My grandfather was a proud member of the Labour Party, a Transport and General Workers’ Union shop steward and, in his words, ‘a proper socialist’. And his proudest boast, made often, was ‘I met Ernie Bevin’.
If some lives seem to personify something in politics (perhaps like Lincoln, for example), Bevin personifies something about the history and aspirations of the labour movement. His mother had been deserted by her husband many years before Ernest was born: Bevin, it seems, never knew his father. Interestingly, no one knows whether he ever married his lifelong partner is not known. His schooling was patchy, and he took took a series of low skilled jobs, ending up as a van driver for a mineral water firm in Bristol. If ever a man came from a genuinely disadvantaged background, Bevin was that man.
Another aspect of Bevin’s life gives us another strand of Labour history. Traditionally, the chapel (by which I mean non-conformism) had been associated with Liberalism, but the late nineteenth and early twentieth century saw a number of socialists emerge from non-conformism. He attended a Wesleyan Sunday school in his childhood, and then chapel, before being baptised and becoming active in a Baptist Mission in Bristol, even becoming a preacher.
He was symbolic in another way. In part through his connections with the Baptists, like many a serious and bright working class young man of his time, Bevin began to educate himself in discussion groups and adult education. It was this process that led him to socialism. When a Bristol right-to-work campaign was set up in 1908, Bevin was its first secretary; in 1909 he stood as an independent socialist in the local elections.
Bevin was also something of an archetype in what was most fundamental to his socialism: trade unionism, and with a socialism born of the aspiration to better the lives of ‘our people’. In 1910, when Bevin was already twenty-nine years old and an active socialist organiser, a dockers’ strike broke out in Bristol. Bevin ran a relief fund. Bevin was urged to organise the un-unionised carters. As a result he became, the following years, a paid official of the Dockers’ Union. So able was he, three years later he was one of three national organisers, a played a role in the merger with the General Labourers Union. Over the course of the war and after, he became a more and more significant figure in the trade union movement.
His trade unionism was always rooted in an ethical, practical socialism: what Henry Pelling called an ‘undogmatic Labourism’. By 1923, when he played a key part in the creation of the new Transport and General Workers Union and then was elected as its first General Secretary, he had become one of the most important figures in the TUC and in the wider Labour movement. He firmly allied the TGWU to Labour, but not uncritically: he was impatient with both MacDonald and Snowden, seeing the first as out of touch and favouring devaluation in 1931. He also developed a grasp of economics, in part by working with Keynes, which he would never lose. In short, he transcended the conventional economics that scuppered Labour in 1931.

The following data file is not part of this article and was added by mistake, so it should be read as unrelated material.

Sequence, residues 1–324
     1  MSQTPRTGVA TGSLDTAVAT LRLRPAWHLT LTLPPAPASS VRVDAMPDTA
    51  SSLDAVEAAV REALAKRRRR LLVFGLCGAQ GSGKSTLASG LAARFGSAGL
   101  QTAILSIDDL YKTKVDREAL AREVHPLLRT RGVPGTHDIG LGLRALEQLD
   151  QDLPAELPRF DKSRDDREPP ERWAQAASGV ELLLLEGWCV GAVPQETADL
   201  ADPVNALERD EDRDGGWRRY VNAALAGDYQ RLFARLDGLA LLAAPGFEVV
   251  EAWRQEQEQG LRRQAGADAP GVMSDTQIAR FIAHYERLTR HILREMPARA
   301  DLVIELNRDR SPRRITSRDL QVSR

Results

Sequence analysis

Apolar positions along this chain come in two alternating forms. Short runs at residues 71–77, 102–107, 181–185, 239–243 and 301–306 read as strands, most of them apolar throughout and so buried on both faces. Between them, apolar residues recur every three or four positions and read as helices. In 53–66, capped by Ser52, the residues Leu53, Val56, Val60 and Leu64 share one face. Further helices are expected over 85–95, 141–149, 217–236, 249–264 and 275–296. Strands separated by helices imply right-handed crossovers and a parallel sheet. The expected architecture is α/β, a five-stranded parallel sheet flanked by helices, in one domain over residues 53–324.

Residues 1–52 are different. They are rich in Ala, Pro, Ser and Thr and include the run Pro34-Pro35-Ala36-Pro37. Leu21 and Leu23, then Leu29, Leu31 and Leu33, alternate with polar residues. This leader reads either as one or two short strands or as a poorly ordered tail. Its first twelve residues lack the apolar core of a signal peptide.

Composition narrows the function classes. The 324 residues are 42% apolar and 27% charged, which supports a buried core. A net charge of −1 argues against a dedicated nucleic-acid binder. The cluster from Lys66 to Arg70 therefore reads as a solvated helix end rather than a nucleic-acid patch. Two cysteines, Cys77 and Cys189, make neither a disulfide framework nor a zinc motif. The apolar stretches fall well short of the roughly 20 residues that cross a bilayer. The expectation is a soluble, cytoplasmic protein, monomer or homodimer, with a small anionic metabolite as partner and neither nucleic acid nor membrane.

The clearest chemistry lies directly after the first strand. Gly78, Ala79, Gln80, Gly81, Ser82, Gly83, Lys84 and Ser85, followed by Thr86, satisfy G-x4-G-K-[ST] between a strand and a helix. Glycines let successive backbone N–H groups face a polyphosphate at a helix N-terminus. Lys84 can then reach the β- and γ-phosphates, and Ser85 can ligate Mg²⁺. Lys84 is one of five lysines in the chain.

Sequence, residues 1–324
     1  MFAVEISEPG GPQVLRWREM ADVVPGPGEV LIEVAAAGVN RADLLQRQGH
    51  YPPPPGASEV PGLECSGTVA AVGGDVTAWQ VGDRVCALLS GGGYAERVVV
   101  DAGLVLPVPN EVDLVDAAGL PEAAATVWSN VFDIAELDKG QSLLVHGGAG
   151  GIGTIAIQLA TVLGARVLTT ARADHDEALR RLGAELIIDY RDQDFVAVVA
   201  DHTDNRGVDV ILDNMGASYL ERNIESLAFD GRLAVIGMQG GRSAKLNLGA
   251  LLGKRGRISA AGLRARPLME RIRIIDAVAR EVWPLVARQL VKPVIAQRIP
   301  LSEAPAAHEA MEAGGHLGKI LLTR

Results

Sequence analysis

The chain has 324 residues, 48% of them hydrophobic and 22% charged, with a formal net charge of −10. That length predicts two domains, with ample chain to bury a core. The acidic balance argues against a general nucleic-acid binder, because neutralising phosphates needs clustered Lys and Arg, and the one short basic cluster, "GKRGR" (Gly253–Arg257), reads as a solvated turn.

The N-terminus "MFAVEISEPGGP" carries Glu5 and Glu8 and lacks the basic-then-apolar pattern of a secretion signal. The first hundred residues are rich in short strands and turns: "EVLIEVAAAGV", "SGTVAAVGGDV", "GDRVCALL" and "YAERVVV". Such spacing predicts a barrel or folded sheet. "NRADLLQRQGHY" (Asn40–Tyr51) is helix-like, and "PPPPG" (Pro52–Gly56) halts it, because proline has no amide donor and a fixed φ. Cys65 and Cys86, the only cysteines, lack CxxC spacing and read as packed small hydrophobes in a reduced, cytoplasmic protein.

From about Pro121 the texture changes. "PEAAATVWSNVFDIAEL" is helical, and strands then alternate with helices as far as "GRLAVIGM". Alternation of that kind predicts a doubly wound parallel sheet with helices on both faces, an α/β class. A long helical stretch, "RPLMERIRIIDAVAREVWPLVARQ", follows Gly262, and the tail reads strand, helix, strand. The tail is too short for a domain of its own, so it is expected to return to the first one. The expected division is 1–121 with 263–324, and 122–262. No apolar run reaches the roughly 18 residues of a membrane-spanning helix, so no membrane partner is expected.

Bevin had been contemplating retirement in the late ‘thirties, when another characteristic he shared with the Labour Party of his time came to the fore: his patriotism. He had supported Britain’s role in The Great War, and took a leading role in turning Labour against pacifism and appeasement in the ‘thirties: he took the lead role in forcing George Lansury from the Labour leadership. When Churchill became prime minister in 1940, Bevin was the first man on his list of Labour men, as Minister of Labour and in the War Cabinet from October. His role would be pivotal, and his patriotism evident.
As foreign secretary after the war, that patriotism helped him steer Britain through the coming of Cold War. Perhaps his finest hour was when, in effect, he organised the Marshall Plan. He could be somewhat parochial (dismissing the European Coal and Steel Community because the Durham minutes would never ‘wear it’), but he had the vision to help bring about Marshall Aid, and NATO.
One other fact about Bevin. When the late Sir Frank Roberts, one of the most distinguished diplomats and civil servants of the last century, was asked about all the ministers he had worked with in a career spanning five decades, he replied in a moment: Bevin. Why? As a minister Bevin had an extraordinary ability to know and understand detail, yet not lose sight of the bigger picture; he mastered his brief and came back with some searching questions; he made his decisions and then backed his officials very inch of the way. That was shown at the foreign office, and even more so in his masterminding of the home front in the war itself.
Which brings us to another trait. Bevin could be prickly, even difficult sometimes. He could be brusque and impatient, especially of any type of socialism which he saw as impractically intellectual of inimical to freedom. His hatred of Herbert Morrison was enduring: famously when told Morrison was his own worst enemy, Bevin replied ‘not while there’s breath in my body he ain’t’. He was not without ego: ‘We must look after little Clem’. But, he was loyal. When Cripps, Dalton and Morrison sought to oust Attlee in 1947, Bevin rejected their overtures: ‘Who do you think I am, Lloyd George?’.
Underlying that loyalty? Decency, an ethical socialism and what we nowadays call a moral compass.
I’m with my grandad . Bevin was one of the great men of Labour; more than that, a great Briton. I’m proud my grandad met him.
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